JoAnne Skelly: Noxious weeds can harm animals, environement
Nobody likes weeds, especially when they can kill horses or other animals, destroy a land’s economic or recreational value or devastate the environment. I’m talking particularly about noxious weeds.
The term “noxious weed” is defined in Nevada state law as any species of plant which is or is likely to be detrimental or destructive and difficult to control or eradicate. Russian knapweed is noxious weed that can kill horses, outgrow native or beneficial vegetation, reduce property values and destroy valuable habitat.
Although Russian knapweed has pretty flowers, it can overrun a home landscape or pasture within a year if left unchecked. This problem plants emerge in early spring. They are gray-green in color with hairy surfaces and wavy edges. The stems elongate from May to June and then flower buds develop blooming from late June to October with pink to purple flowers about ¼-inch to ½-inch in diameter. When a mature plant is pulled out of the soil, the roots are black in color.
Russian knapweed can take several years to control because of its extensive root system. Keys to controlling Russian knapweed include stressing the plant to deplete the stored energy in the roots, preventing new seed production, controlling plant spread via root pieces or root bud growth, and establishing and maintaining competing vegetation. No single control method works.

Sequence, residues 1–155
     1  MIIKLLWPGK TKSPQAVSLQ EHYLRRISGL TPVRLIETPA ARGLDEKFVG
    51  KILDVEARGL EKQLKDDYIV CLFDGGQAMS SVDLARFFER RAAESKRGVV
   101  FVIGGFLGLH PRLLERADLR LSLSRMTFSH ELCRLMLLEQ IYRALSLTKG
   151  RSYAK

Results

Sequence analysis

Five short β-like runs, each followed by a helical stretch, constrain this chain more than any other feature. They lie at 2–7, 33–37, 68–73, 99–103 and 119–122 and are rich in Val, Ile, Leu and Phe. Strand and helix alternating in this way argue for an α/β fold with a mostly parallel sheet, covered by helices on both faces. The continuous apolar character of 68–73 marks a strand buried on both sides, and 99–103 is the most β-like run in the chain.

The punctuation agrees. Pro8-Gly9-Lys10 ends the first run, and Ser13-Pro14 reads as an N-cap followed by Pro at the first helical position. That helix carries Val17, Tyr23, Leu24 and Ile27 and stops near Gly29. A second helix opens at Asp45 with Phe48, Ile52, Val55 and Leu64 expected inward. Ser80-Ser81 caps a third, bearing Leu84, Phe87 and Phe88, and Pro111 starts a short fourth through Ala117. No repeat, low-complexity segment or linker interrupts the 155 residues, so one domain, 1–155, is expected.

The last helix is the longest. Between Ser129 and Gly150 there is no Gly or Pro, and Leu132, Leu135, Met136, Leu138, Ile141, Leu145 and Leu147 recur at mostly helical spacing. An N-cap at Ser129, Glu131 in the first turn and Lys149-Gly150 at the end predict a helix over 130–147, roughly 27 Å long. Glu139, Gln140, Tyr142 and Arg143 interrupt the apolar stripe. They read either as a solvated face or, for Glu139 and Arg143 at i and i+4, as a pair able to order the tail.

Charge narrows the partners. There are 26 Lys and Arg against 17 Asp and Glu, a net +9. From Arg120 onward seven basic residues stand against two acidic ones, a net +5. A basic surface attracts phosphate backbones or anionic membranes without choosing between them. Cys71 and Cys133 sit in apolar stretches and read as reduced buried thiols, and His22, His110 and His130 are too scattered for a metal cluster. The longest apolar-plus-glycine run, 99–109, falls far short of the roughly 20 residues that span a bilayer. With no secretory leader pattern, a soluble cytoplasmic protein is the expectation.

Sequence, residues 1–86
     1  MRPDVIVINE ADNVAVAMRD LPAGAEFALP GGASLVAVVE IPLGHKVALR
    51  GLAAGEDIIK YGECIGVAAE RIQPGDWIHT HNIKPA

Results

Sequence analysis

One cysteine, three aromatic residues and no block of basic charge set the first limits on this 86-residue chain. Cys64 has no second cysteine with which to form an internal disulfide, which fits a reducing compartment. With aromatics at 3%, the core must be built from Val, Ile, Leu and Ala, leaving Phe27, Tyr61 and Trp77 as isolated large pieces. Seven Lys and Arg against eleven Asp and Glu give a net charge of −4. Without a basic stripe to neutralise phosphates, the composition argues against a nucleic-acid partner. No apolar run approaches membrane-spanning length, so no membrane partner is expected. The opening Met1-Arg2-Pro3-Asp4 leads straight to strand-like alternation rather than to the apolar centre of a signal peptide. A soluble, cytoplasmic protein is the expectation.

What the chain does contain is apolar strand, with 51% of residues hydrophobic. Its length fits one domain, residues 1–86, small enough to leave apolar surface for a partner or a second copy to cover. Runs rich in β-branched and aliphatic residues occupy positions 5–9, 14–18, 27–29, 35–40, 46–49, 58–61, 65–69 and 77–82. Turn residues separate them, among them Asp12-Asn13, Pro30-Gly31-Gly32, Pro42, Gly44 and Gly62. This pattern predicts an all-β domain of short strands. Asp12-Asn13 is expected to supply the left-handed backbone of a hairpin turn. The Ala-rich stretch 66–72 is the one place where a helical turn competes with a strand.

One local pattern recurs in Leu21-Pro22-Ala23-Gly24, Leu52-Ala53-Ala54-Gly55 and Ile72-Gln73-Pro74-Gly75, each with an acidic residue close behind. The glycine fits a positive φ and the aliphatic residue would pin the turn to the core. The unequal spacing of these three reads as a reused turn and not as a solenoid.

Hand pulling, mowing and tilling may successfully control Russian knapweed if they are done frequently and consistently over several years. Herbicide application also requires vigilance and persistence. Ultimately, long-term success is dependent upon establishing competitive vegetation. The effectiveness of mowing, tilling, reseeding or planting new desirable plants increases after vegetative suppression of knapweed with herbicides.
Before spraying, remove last year’s dead foliage to allow chemicals to reach the underlying new growth of the weed. Bag the dead parts to eliminate any remaining seed and to avoid scattering seed to un-infested areas. When selecting an herbicide, make sure it will not prevent establishment of desirable vegetation. After spraying, do not remove sprayed plants until the plants wither and turn brown. This may take weeks to become evident. It is essential to reseed or transplant desirable plants into the area once the infestation has been reduced. It is then important to maintain seedling vigor with proper fertilization and irrigation.
By law, it is a property owner’s responsibility “to cut, destroy or eradicate all weeds declared noxious … before such weeds propagate and spread …” (Nevada Revised Statute 555.150).
For more information on managing Russian knapweed, see http://www.unce.unr.edu/publications/files/ho/2005/fs0551.pdf.
JoAnne Skelly is the Carson City/Storey County Extension educator for University of Nevada Cooperative Extension and may be reached at email@example.com or 887-2252.